“The Men of the Moon,” Washington Irving, 1809

“The Men of the Moon,” Washington Irving, 1809 — The narrator confesses that he’s lain awake many nights wondering “whether it were most probable we should first discover and civilize the moon, or the moon discover and civilize our globe.”  The narrator supposes the “Lunatics” may possess superior technology and, regarding earthmen as barbarians, conquer the earth.  Due to the earthman’s inability to speak the Lunatic language, his lack of a tail, his horrible white skin, and a “variety of other excellent reasons,” the moon men will divorce the people of earth from their religion, their spouses, their property, and their belief in their innate superiority by any means necessary.  The narrator imagines that, once the cities of earth are demolished, the Lunatics will move them to the “torrid deserts of Arabia, or the frozen regions of Lapland, there to enjoy the blessings of civilization and the charms of lunar philosophy, in much the same manner as the reformed and enlightened savages of this country are kindly suffered to inhabit the inhospitable forests of the north, or the impenetrable wilderness of South America.”  The narrator concludes: “Thus, I hope, I have clearly proved, and strikingly illustrated, the right of the early colonists to the possession of this country; and thus is this gigantic question completely vanquished…”

Comments: See H. Bruce Franklin’s commentary in Future Perfect: American Science Fiction of the Nineteenth Century.  Regarding this story, Franklin restates an insight Tom Boardman provided in An ABC of Science Fiction:

“Satirically attacking the argument that Europeans had ‘discovered’ the land that came to be known as ‘America,’ inhabited by subhuman beings they called ‘Indians,’ Irving presents a parallel case, an invasion by ‘the Men from the Moon.’  The Lunatics approach us with a cultural imperialism identical to that of the Europeans in relation to non-white peoples, and they come armed with a technology vastly superior to our own (they even have the super-weapon sought by the major powers of the late twentieth century, directed-energy beams).  Irving thus shows one reason why science fiction was so congenial to America: because it is a nation that originated in conquest by alien beings who voyaged here from another world.” (Franklin)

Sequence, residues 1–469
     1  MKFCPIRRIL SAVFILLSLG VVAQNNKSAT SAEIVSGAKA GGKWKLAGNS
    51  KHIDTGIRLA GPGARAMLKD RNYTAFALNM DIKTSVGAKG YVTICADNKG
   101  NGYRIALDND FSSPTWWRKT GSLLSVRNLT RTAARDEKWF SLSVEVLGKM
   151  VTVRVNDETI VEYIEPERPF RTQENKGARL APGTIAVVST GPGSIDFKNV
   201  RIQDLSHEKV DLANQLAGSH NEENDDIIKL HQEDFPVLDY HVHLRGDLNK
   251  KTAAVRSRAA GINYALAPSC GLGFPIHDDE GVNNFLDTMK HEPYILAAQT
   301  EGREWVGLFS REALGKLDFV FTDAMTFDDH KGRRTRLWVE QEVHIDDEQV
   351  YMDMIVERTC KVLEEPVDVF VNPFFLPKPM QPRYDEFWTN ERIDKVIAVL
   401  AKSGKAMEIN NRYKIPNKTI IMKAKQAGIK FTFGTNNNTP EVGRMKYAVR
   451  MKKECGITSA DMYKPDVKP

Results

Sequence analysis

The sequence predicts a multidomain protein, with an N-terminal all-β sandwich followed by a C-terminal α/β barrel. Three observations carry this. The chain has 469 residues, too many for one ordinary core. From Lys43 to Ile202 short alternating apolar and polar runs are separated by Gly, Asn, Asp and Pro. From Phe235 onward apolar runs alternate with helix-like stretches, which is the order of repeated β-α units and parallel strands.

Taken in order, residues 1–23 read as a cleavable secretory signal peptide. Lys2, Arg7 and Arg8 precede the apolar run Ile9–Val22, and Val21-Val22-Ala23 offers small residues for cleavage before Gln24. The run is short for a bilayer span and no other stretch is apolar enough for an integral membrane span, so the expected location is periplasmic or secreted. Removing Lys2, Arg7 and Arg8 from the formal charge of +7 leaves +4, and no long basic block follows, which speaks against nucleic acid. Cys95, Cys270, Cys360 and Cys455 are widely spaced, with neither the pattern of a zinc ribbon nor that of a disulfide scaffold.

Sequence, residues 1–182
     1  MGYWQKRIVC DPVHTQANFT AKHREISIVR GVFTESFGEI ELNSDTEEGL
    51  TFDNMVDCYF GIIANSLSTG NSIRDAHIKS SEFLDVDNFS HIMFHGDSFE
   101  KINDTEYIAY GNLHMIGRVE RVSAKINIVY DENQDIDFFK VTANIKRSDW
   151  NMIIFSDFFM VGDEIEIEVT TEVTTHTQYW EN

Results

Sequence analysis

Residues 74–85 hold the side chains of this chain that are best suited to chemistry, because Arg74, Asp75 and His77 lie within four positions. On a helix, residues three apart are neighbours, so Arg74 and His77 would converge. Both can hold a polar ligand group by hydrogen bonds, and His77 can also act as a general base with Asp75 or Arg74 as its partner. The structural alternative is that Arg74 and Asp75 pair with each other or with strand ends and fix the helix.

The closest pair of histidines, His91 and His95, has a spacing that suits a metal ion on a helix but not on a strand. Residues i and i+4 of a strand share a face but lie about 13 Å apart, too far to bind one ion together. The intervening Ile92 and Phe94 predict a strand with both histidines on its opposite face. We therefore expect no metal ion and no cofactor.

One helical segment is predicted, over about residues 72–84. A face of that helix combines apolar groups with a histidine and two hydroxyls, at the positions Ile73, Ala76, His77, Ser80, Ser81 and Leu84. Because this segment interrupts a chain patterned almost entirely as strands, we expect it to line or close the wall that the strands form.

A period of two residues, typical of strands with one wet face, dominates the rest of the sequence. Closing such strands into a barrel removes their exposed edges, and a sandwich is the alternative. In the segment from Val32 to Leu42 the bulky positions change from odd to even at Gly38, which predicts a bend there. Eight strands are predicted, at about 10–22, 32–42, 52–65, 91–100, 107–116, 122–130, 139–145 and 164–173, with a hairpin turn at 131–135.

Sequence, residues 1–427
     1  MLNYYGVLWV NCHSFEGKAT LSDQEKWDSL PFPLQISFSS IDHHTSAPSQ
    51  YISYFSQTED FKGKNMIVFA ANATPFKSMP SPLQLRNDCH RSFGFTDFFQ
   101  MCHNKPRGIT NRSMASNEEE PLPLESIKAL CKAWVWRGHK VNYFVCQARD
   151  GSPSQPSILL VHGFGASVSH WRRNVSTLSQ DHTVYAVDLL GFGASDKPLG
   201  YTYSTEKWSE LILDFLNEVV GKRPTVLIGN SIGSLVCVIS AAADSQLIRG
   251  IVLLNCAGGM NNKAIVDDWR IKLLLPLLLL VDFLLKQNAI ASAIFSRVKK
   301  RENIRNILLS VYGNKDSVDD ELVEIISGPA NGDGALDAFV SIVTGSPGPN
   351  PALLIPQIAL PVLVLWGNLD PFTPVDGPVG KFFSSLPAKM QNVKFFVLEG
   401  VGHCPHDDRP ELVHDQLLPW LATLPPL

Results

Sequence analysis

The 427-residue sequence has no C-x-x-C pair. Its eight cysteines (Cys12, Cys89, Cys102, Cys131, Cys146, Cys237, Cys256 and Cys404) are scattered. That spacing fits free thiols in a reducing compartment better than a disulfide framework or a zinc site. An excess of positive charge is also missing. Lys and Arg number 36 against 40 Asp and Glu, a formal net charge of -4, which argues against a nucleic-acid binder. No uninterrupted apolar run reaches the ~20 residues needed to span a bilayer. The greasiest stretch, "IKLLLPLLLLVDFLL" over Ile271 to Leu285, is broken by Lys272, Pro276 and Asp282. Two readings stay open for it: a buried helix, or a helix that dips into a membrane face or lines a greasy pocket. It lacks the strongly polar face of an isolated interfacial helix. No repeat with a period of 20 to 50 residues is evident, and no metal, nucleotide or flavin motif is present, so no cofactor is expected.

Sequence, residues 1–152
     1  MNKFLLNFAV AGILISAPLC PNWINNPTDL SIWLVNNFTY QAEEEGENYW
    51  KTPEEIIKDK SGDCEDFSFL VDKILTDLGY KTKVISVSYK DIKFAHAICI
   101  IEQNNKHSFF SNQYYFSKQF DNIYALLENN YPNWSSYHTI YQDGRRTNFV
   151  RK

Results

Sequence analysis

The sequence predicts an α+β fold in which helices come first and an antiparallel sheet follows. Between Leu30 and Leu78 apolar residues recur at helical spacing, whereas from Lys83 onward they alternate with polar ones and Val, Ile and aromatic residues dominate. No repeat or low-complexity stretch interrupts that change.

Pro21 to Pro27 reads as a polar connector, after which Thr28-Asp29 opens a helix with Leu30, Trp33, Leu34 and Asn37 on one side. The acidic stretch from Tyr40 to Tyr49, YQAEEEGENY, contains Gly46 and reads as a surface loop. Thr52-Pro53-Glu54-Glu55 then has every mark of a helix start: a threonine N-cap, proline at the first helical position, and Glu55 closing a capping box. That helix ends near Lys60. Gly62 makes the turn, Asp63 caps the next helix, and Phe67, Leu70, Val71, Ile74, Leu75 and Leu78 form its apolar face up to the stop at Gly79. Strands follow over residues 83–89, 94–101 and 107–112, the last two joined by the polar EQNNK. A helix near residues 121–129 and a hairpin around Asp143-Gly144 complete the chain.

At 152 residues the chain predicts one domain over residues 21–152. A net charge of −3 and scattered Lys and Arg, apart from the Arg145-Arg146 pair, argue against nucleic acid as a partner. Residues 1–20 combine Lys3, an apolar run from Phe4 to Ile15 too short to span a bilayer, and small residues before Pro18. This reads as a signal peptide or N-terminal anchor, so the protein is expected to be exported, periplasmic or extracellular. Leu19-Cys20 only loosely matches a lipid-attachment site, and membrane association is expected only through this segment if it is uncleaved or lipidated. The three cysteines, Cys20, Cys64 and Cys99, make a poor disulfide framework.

Author: Wikipedia: “Washington Irving (April 3, 1783 – November 28, 1859) was an American author, essayist, biographer and historian of the early 19th century.”

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About jennre

Lifelong sf fan, first-time blogger
This entry was posted in 1926 and earlier, american culture, invasion, Native Americans, post/colonialism, primitive/civilized, race/civil rights, satire. Bookmark the permalink.

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